The middle season is also when you’re likely to get some snow falling, as well as snow beginning to stick on the ground.  From a photographic standpoint, this can be a really nice attribute – white bears on white snow is truly captivating! The photo below is of a large male just after a dusting of snow occurred, lightly covering the willows and grasses as it accumulated more and more overnight.

an adult polar bear rests in the grasses with a dusting of snow

With the snow comes weather, though, so do be ready to feel the full force of the arctic if you’re traveling to Churchill in this “mid season”.  In addition, while wildlife can be wonderfully photogenic in the mid season, they can also be a little more challenging to spot because they are employing their true camouflage.  This is when going with pro naturalist guides is a must.

an adult arctic fox blending into its environment with snow and white coat

End of the Season: Roughly Nov 8 – 21

It’s a known fact that polar bears reach their highest density in and around Churchill about one week before the ice freezes on the Hudson Bay.  So, going in the latter part of the season can be some of the best viewing and photography of polar bears all season.  However, there is a slight risk that if the bay freezes early (like it can unpredictably do every 20 years or so), you may have to spend more time searching for bears.  But, with risk can come great reward.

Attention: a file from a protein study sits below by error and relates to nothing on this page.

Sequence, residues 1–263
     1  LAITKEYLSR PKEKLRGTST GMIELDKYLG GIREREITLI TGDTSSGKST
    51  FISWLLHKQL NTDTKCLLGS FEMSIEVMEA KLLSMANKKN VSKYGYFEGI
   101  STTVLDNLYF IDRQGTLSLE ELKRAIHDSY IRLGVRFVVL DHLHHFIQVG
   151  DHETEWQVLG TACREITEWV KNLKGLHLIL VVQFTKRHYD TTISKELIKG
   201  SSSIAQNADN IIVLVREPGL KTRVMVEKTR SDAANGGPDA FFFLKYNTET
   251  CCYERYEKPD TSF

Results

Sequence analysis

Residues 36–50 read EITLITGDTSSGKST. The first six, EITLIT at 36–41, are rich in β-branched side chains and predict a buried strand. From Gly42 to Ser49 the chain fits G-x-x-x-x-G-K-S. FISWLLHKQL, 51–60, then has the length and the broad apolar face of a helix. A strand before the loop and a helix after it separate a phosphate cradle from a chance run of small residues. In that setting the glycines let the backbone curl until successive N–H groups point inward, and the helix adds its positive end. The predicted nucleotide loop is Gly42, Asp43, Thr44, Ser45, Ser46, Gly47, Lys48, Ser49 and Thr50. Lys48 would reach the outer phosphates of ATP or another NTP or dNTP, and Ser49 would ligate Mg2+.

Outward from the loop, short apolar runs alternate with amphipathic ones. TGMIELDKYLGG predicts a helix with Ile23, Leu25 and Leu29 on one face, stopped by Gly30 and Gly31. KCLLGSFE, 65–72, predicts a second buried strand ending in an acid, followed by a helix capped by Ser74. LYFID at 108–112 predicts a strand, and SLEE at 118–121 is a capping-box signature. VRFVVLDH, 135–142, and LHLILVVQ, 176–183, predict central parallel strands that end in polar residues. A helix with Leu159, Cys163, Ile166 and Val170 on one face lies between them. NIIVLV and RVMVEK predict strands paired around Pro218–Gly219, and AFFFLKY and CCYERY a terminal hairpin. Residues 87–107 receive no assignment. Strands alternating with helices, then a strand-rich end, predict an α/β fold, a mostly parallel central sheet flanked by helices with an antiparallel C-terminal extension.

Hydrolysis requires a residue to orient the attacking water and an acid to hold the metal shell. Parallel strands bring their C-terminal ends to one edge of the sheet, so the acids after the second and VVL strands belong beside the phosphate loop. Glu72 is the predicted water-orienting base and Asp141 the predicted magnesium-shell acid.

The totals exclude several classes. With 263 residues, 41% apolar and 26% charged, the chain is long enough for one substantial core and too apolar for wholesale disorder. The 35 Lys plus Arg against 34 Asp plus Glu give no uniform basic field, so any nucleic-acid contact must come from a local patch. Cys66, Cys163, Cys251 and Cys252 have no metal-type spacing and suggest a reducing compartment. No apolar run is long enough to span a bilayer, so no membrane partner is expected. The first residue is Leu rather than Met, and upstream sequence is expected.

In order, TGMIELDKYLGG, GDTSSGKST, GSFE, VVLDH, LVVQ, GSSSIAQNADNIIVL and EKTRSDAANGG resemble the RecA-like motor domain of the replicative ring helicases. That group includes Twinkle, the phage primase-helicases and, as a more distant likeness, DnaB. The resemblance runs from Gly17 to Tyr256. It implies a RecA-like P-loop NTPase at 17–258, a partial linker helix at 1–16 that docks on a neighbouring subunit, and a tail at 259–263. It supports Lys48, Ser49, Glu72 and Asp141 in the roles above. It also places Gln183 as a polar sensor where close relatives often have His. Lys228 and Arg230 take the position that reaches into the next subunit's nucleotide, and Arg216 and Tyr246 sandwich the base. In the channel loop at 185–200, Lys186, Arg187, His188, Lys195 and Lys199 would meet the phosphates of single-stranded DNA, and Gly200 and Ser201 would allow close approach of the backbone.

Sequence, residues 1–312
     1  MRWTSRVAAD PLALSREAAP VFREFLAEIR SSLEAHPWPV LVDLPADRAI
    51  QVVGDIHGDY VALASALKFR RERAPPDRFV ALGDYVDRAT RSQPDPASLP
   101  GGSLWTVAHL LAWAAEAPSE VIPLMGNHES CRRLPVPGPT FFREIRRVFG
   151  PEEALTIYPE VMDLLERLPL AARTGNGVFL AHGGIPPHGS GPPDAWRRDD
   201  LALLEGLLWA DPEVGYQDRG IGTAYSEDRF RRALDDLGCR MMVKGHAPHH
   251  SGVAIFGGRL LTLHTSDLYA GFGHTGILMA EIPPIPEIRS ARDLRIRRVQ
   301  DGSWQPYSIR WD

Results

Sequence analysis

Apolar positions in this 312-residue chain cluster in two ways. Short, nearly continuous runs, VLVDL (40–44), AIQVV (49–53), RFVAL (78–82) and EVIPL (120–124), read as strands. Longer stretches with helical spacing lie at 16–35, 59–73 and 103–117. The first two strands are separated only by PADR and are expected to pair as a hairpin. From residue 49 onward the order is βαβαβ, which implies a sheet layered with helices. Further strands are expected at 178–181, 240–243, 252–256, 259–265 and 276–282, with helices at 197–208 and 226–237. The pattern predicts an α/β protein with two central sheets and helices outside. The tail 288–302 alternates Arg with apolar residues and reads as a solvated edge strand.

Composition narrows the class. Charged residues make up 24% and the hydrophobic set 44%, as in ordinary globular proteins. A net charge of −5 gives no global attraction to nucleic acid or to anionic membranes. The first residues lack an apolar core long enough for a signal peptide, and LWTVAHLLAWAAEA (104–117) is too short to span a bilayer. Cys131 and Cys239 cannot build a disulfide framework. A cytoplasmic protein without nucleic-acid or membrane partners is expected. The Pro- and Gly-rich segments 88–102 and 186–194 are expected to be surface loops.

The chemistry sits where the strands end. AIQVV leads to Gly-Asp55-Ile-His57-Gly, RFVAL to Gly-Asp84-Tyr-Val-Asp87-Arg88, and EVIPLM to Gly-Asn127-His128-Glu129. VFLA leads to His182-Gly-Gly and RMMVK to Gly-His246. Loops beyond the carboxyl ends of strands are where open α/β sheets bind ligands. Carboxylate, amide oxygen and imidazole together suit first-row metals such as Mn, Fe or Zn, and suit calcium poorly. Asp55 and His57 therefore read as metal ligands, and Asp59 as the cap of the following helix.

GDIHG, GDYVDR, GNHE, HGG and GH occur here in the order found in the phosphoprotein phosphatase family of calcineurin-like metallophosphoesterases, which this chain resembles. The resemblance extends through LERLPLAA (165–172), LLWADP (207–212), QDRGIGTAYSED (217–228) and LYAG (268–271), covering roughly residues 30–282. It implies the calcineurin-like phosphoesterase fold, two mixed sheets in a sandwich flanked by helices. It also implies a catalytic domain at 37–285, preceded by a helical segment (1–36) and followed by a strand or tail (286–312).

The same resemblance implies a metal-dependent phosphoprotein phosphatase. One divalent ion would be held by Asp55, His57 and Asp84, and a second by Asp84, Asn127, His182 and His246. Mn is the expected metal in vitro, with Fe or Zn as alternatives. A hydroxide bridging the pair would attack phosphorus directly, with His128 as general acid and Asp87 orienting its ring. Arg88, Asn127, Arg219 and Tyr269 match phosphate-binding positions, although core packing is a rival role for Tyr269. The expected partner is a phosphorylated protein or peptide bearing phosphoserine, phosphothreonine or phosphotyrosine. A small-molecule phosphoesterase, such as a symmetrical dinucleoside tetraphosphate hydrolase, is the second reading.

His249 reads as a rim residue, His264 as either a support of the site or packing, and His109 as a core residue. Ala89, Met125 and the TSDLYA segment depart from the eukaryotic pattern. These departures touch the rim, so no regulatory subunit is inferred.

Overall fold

a mother and two young polar bears rest for a moment in the snow of churchill

The last two weeks of the season is also going to be your best time for snow.  Typically speaking, most people heading up to the arctic to photograph polar bears have the image in their mind of bears on snow or ice.  If this is you, then highly consider planning your adventure at this time of year.  While year to year conditions do vary, it’s pretty typical for snow to be on the ground and to be sticking at this time of year.  In addition, ice begins to form around the inland ponds, which is another great photo opportunity.  All in all, this is your time to photograph the “harsh arctic”, which to be honest, is very photogenic. Below, you’ll see two males standing on freshly formed ice just on the edge of the bay, prior to the bay freezing over.

two male polar bears sparring on the edge of hudson bay

At the end of the day, it’s rather difficult to define set seasons within such a short six week window in such a tumultuous area of our world climate-wise.  Even the above photo, where ice is forming, shows you that you can still get interesting colors on the tundra, rocks, shoreline, etc., even later in the season.  And, you’re not always guaranteed to get a full covering of snow, even if you’re up there towards the end of the season.

To be honest, my main recommendation is to make sure you go with a tour (I’m quite partial to Natural Habitat Adventures’ Polar Bear photo expedition! — because I lead that one!) that is going to get you in the right position, right light, and supply the right guidance when watching and photographing these magnificent bears.  Do that, choose the season that you think aligns best with your expectations, and I’ve no doubt you’re going to come home with photos that you have been dreaming about for a lifetime.

Hope to see you out there!